How to Add Google Analytics 4 to Google Tag Manager

Here’s how to implement a GA4 analytics tag through GTM.

I was recently installing Google Tag Manager on a client’s website and implementing the new GA4 Google Analytics tracking tag but realized finding documentation on it was very difficult. After some searching I found this very good walkthrough by Integress.

I’ve regurgitated just the GA4 parts below.

Before getting started be sure to have your Measurement ID (G-XXXXXXXXXX) on hand, as you’ll need that to complete this installation.

Add Google Analytics 4 Tag to GTM

  1. Click Tags on the left hand side, then click New
  2. Give your tag a name, such as “Google Analytics – GA4”
  3. Under Tag Configuration, choose the “Google Analytics: GA4 Configuration” tag type
  4. Make sure Page View is selected under Track Type
  5. Enter your Measurement ID (or select your GA4 Constant variable – see the optional section below)
  6. Make sure that the checkbox next to “Send a page view event when this configuration loads” is checked
  7. Make any necessary changes in the Fields to Set, User Properties, and Advanced Settings sections. These are optional advanced settings so you may not need to change any of these unless required in your measurement strategy.
  8. Under Triggering, select the All Pages trigger
  9. Click the blue Save button in the top right corner

GA4 Constant Variable (Optional)

Unlike with Universal Analytics, creating a Constant variable to store your GA4 Measurement ID is optional, but not required. If you are just starting out with GTM, your setup likely won’t benefit from creating this variable.

Creating a GA4 Constant variable makes adding your Measurement ID into other tags, triggers, and variables a little easier. It also makes it a little easier to find your GA4 Measurement ID without having to open Google Analytics.

To create a Constant variable, follow these steps:

  1. Log into your GTM workspace by going to
  2. Click Variables on the left
  3. Under “User-Defined Variables,” click New
  4. Give your variable a name. In my case, something like “GA4 Measurement ID – Prod”
  5. Add a “Constant” variable type
  6. Enter your Google Analytics 4 Measurement ID (It starts with “G-”).
  7. Click the blue Save button in the top right corner.
  8. You can now choose this variable as your Measurement ID in your Google Analytics 4 Configuration tag. See step 5 in the section above.

Embed Hulu Videos on Your WordPress Website

Unfortunately Hulu provides very little documentation on embedding or utilizing their player on your website and because of that I’ve captured what I was able to find and provided it for you here. Cheers!

<iframe src="" width="512" height="288" frameborder="0" scrolling="no" allowfullscreen="allowfullscreen"></iframe>

If you’re using WordPress, first of all, your smart, second of all, you’ll have access to the following handy shortcodes. Easy peezy.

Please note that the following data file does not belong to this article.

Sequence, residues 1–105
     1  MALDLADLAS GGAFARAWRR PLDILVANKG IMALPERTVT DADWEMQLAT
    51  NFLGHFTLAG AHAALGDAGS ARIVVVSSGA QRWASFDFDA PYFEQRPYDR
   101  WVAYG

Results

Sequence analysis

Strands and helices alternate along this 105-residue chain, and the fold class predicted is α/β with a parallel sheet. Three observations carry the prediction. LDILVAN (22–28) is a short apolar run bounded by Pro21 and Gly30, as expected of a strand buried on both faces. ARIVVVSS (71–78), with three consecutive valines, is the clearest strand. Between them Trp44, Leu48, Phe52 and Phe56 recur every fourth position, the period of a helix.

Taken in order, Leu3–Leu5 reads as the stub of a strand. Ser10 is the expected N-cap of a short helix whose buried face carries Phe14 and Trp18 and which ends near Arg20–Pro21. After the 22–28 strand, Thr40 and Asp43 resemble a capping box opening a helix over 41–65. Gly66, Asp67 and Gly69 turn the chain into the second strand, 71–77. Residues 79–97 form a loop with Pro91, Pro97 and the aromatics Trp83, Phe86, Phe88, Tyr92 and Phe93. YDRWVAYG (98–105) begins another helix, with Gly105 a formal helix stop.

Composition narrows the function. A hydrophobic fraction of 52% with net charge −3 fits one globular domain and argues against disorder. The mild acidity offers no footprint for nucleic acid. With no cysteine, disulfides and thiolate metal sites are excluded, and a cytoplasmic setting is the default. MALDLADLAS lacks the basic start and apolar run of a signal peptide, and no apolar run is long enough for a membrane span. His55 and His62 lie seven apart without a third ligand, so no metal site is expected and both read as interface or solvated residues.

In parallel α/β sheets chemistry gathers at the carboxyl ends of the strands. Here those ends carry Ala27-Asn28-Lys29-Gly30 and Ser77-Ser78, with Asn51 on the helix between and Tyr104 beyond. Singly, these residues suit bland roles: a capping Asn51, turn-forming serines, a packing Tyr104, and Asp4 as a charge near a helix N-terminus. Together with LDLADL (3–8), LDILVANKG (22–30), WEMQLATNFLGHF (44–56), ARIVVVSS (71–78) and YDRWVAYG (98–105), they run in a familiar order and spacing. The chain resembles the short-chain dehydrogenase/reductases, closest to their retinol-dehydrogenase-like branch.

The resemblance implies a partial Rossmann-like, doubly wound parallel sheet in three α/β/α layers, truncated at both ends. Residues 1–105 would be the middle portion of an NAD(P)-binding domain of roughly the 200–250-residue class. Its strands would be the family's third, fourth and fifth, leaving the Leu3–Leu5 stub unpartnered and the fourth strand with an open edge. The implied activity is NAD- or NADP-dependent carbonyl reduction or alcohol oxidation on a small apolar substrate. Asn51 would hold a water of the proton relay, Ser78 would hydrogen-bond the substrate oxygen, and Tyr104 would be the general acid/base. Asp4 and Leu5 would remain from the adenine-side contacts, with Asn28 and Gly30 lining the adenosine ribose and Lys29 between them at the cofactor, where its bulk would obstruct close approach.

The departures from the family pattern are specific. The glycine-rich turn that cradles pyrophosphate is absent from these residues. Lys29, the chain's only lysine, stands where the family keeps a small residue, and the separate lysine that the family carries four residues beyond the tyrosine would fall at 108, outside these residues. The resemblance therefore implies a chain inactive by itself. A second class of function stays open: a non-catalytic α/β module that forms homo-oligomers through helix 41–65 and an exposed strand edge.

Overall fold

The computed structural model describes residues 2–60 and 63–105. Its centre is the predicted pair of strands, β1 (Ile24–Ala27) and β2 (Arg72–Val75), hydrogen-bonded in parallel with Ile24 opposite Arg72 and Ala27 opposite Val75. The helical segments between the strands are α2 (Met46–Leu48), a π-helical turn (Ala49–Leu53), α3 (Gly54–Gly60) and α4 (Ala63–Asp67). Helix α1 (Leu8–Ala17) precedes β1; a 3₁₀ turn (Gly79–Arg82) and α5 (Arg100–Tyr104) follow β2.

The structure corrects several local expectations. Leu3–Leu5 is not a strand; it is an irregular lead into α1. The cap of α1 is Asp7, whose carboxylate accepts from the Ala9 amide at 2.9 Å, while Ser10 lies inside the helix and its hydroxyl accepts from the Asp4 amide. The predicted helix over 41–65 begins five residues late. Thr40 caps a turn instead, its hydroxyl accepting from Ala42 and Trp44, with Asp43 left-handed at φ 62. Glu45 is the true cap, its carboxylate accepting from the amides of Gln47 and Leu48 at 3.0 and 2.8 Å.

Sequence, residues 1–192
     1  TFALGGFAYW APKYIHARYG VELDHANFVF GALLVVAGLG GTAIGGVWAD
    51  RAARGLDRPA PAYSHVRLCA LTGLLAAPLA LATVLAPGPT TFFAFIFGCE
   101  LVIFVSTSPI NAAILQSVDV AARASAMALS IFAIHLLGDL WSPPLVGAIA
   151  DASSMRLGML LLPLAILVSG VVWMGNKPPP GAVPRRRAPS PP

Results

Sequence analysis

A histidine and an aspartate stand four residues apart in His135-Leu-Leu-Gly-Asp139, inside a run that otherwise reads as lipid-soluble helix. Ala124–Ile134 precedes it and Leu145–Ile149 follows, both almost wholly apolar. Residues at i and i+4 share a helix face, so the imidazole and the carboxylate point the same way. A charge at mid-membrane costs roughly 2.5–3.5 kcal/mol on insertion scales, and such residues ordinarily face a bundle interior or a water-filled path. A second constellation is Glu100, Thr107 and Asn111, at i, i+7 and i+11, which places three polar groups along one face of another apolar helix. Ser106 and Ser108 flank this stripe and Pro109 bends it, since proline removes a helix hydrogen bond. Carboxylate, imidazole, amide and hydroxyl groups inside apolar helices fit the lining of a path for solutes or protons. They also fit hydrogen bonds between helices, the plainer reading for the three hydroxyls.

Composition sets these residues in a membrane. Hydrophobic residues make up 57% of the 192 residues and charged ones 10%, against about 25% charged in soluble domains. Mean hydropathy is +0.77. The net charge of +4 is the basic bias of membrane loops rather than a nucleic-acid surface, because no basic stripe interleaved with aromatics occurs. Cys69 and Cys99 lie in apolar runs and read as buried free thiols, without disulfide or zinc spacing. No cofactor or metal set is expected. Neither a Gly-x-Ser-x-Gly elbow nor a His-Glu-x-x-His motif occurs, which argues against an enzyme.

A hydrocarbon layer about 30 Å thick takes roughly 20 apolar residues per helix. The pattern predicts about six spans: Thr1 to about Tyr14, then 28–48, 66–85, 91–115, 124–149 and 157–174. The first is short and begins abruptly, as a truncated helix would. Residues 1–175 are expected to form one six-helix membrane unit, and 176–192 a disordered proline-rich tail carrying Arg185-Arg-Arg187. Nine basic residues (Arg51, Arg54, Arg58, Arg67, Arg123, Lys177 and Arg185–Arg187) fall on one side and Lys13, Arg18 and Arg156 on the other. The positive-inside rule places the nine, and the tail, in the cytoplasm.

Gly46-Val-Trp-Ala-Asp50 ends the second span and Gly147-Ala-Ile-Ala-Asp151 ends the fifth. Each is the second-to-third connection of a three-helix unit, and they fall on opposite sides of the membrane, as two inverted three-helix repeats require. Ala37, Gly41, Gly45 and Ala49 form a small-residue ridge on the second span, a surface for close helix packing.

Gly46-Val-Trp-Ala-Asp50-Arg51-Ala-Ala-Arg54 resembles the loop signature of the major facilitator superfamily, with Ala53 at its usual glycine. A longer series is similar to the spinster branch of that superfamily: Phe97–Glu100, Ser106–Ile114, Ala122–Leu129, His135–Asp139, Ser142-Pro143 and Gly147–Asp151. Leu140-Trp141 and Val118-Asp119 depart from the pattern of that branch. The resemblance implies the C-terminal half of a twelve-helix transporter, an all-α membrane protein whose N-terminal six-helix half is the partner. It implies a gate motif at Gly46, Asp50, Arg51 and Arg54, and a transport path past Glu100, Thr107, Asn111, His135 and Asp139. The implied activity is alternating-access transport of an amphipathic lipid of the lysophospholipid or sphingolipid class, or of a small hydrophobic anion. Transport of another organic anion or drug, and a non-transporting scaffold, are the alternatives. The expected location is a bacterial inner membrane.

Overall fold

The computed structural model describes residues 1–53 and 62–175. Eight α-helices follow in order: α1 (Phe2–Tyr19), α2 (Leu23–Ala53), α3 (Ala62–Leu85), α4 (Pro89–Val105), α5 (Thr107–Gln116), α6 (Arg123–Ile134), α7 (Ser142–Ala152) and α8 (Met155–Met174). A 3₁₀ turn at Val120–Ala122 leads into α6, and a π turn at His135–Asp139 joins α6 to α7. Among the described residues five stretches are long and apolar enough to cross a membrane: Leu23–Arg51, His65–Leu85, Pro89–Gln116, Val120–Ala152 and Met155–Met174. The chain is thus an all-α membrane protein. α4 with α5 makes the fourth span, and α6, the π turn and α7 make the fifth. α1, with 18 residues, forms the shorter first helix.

Video URL or ID:

<!-- Using Full URL -->

<!-- Using Hulu ID -->
[hulu id=771496]

Video Size:

The default width and height of the embedded video is based off the content width of your theme. To change the size of the video player, for example to 300 pixels wide, use “width” in your shortcode, as follows:

<!-- Explicit Width -->
[hulu width=300]

Thumbnail Image:

Have a particularly funny frame that you want displayed on the player before the video starts playing? Just use thumbnail_frame to specify the specific frame of video you want to display. Again, this is measured in seconds. Here – we’ll choose one with Kevin Smith making a funny face:

<!-- Specified Frame for Thumbnail -->
[hulu thumbnail_frame=48]

Playback start and end points:

Only want to play 15 seconds of a 22 minute clip? No problem! Just use start_time and end_time in your shortcode, like this:

<!-- Specified Start and End Time -->
[hulu width=300 start_time=50 end_time=65 thumbnail_frame=48]

Pixabay Offers Free High Quality Videos

The other day I stumbled across Pixabay which provides free high quality videos for creatives …

The other day I stumbled across Pixabay which provides free high quality videos for creatives like you and me. Check them out here.

Create Custom Twitter Widget with Pagination Through Tweets

A block of code that allows you to create a twitter feed in a PHP environment. Enjoy!

You’ll first want to create a Twitter App to get your access token, access token secret, consumer key, and consumer secret for authentication later.

You’ll also want to download TwitterAPIExchange.php as you’ll need to ‘require()’ that later.

Create a file named initialize.php and put on your server. Include the following functions in it as you’ll need to use them for the feed/widget later.

require_once( 'initialize.php'); // include the functions you need
require_once( 'TwitterAPIExchange.php'); // include the twitter api
// validate the widget with you credentials
$settings = array(
    'oauth_access_token' => "xxxxxxxxx-xxxxxxxxxxxxxxxxxxxxxx",
    'oauth_access_token_secret' => "xxxxxxxxxxxxxxxxxxxxxxxxxxxxxxx",